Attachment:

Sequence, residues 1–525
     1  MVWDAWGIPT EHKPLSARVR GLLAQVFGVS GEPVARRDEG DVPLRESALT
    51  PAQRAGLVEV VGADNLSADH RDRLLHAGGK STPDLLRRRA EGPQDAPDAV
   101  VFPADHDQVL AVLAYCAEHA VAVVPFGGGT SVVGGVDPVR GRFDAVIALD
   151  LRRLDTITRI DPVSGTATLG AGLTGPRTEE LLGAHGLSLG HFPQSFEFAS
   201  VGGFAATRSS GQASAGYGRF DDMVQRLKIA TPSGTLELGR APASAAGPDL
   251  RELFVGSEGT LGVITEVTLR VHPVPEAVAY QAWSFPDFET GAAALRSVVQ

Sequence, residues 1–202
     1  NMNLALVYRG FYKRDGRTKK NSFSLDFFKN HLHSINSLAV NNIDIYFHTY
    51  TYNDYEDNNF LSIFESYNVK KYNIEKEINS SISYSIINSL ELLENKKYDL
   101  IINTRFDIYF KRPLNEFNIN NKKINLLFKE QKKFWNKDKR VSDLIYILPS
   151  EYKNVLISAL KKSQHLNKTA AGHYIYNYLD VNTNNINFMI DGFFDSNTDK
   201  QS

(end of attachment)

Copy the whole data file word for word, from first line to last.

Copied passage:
Sequence, residues 1–525
     1  MVWDAWGIPT EHKPLSARVR GLLAQVFGVS GEPVARRDEG DVPLRESALT
    51  PAQRAGLVEV VGADNLSADH RDRLLHAGGK STPDLLRRRA EGPQDAPDAV
   101  VFPADHDQVL AVLAYCAEHA VAVVPFGGGT SVVGGVDPVR GRFDAVIALD
   151  LRRLDTITRI DPVSGTATLG AGLTGPRTEE LLGAHGLSLG HFPQSFEFAS
   201  VGGFAATRSS GQASAGYGRF DDMVQRLKIA TPSGTLELGR APASAAGPDL
   251  RELFVGSEGT LGVITEVTLR VHPVPEAVAY QAWSFPDFET GAAALRSVVQ

Sequence, residues 1–202
     1  NMNLALVYRG FYKRDGRTKK NSFSLDFFKN HLHSINSLAV NNIDIYFHTY
    51  TYNDYEDNNF LSIFESYNVK KYNIEKEINS SISYSIINSL ELLENKKYDL
   101  IINTRFDIYF KRPLNEFNIN NKKINLLFKE QKKFWNKDKR VSDLIYILPS
   151  EYKNVLISAL KKSQHLNKTA AGHYIYNYLD VNTNNINFMI DGFFDSNTDK
   201  QS